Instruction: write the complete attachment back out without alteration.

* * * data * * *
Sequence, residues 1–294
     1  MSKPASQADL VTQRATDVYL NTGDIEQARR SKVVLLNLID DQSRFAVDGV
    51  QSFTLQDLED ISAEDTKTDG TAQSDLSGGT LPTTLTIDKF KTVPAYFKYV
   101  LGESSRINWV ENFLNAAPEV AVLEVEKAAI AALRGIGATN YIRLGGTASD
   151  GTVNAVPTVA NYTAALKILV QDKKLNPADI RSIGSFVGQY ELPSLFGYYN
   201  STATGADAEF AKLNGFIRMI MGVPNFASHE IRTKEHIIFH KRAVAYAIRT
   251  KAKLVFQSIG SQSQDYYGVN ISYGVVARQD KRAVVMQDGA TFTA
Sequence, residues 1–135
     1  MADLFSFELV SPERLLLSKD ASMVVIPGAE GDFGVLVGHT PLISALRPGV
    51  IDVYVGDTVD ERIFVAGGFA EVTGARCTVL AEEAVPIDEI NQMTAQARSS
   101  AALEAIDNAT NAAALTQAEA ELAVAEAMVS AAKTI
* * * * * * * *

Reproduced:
Sequence, residues 1–294
     1  MSKPASQADL VTQRATDVYL NTGDIEQARR SKVVLLNLID DQSRFAVDGV
    51  QSFTLQDLED ISAEDTKTDG TAQSDLSGGT LPTTLTIDKF KTVPAYFKYV
   101  LGESSRINWV ENFLNAAPEV AVLEVEKAAI AALRGIGATN YIRLGGTASD
   151  GTVNAVPTVA NYTAALKILV QDKKLNPADI RSIGSFVGQY ELPSLFGYYN
   201  STATGADAEF AKLNGFIRMI MGVPNFASHE IRTKEHIIFH KRAVAYAIRT
   251  KAKLVFQSIG SQSQDYYGVN ISYGVVARQD KRAVVMQDGA TFTA
Sequence, residues 1–135
     1  MADLFSFELV SPERLLLSKD ASMVVIPGAE GDFGVLVGHT PLISALRPGV
    51  IDVYVGDTVD ERIFVAGGFA EVTGARCTVL AEEAVPIDEI NQMTAQARSS
   101  AALEAIDNAT NAAALTQAEA ELAVAEAMVS AAKTI